Missouri Highway Deaths Fall Due To Enforcement, Education, Engineering, High Gas Prices
Brett EmisonJanuary 23, 2010 11:35 AM
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The St. Joe News, of St. Joseph, Missouri, has reported that Missouri traffic deaths in 2009 fell to their lowest numbers since 1950.
The Missouri Highway Patrol credits the reduction in traffic deaths on better enforcement, highway safety and engineering improvements and higher gas prices and winter weather that kept motorists off of highways in 2009.
The Missouri State Highway Patrol reported significant reductions in traffic fatalities, which is the lowest since 1950.
There were 871 highway deaths in all in 2009, with 148 coming on the Missouri side of the Kansas City metro area. The latter number compares to 159 deaths in 2008.
Troop H, which includes Buchanan County, reported 45 fatalities in 2009, down from 2008, which had 52 fatalities.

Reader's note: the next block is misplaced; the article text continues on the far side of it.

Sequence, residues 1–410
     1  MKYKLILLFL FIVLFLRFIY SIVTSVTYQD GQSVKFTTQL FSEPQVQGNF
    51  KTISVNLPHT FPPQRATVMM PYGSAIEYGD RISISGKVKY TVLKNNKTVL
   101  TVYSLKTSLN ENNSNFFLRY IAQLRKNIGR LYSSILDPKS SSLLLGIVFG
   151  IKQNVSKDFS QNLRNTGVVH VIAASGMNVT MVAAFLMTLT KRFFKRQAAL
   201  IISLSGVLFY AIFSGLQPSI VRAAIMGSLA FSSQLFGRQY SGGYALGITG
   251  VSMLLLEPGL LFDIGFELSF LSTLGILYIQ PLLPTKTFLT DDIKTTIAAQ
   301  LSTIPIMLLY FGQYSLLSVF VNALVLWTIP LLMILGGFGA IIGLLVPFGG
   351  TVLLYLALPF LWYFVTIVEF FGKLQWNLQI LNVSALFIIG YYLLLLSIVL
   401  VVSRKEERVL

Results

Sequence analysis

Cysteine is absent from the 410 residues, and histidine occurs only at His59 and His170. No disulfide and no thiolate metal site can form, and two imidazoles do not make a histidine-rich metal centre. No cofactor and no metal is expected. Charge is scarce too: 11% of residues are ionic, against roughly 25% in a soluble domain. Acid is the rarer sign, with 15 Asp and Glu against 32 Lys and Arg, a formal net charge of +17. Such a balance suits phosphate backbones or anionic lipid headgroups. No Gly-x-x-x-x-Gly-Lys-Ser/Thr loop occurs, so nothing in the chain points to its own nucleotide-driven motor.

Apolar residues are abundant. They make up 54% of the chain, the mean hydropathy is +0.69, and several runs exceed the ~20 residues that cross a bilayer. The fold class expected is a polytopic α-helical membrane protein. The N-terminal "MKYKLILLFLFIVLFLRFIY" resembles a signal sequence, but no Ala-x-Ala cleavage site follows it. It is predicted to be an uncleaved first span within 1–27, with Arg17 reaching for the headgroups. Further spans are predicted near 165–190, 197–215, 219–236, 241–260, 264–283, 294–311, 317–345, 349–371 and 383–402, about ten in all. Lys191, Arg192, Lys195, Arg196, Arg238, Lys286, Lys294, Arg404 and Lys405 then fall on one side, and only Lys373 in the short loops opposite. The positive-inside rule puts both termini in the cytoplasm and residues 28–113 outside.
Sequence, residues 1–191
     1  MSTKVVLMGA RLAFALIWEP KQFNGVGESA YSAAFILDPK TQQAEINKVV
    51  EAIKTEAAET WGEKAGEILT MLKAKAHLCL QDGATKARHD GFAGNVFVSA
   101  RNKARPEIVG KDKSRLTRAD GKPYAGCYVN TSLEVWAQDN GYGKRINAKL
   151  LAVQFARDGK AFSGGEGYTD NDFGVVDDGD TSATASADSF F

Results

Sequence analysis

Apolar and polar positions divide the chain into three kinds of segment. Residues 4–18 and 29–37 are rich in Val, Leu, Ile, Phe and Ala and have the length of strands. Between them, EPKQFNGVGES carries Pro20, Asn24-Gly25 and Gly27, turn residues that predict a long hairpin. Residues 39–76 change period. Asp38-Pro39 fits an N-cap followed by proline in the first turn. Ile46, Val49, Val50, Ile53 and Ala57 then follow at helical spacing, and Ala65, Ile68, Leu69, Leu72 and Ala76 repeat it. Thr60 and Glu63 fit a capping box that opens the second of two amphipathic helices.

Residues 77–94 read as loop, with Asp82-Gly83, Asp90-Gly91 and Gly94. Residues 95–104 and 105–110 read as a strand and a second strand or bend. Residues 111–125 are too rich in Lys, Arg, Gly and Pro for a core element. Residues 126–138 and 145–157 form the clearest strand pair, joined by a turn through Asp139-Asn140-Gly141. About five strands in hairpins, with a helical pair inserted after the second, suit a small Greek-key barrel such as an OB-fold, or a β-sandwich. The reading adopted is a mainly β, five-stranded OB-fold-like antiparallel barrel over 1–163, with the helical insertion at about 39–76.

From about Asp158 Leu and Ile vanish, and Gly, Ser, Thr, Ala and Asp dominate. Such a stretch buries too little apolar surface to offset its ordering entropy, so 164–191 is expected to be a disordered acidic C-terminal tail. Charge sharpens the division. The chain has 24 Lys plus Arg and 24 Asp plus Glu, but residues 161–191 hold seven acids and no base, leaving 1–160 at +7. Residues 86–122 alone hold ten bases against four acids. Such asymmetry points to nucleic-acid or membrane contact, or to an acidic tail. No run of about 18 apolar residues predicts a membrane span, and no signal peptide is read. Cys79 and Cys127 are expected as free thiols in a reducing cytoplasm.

Patrol officials credit several reasons, plus emergency services for providing help to the public, for the decrease in numbers.
“It’s the perfect storm,” Sgt. Lyon said, crediting enforcement, education, engineering and high gas prices in the reduction of deaths.
The Missouri Highway Patrol specifically credited engineering improvement, such as median guard cables strung more than 900 miles on major interstates through Missouri as helping to improve safety and reduce fatalities.
Weather and the economy also helped to curb traffic deaths, as fewer motorists took to the highways.
Mr. Lyon said that two years ago, when gas prices were so high, people could not afford to travel. This year, the recession has made travel financially difficult for many.
Weather also has been a problem for highway drivers.
“We have had horrendous storms toward the end of the year,” Mr. Lyon said. “During the winter storm, we had 10 deaths (statewide), and although three deaths were people in a car struck by a train, the others were completely weather-related.”
All drivers need to continue to be vigilant about safety. Always use the highest degree of care and safety when driving your vehicle. Give vehicles around you plenty of room to slow, stop or swerve in the event of an emergency. Always use your seat belts -- and use them correctly. (You can learn more about proper seat belt usage here and here).
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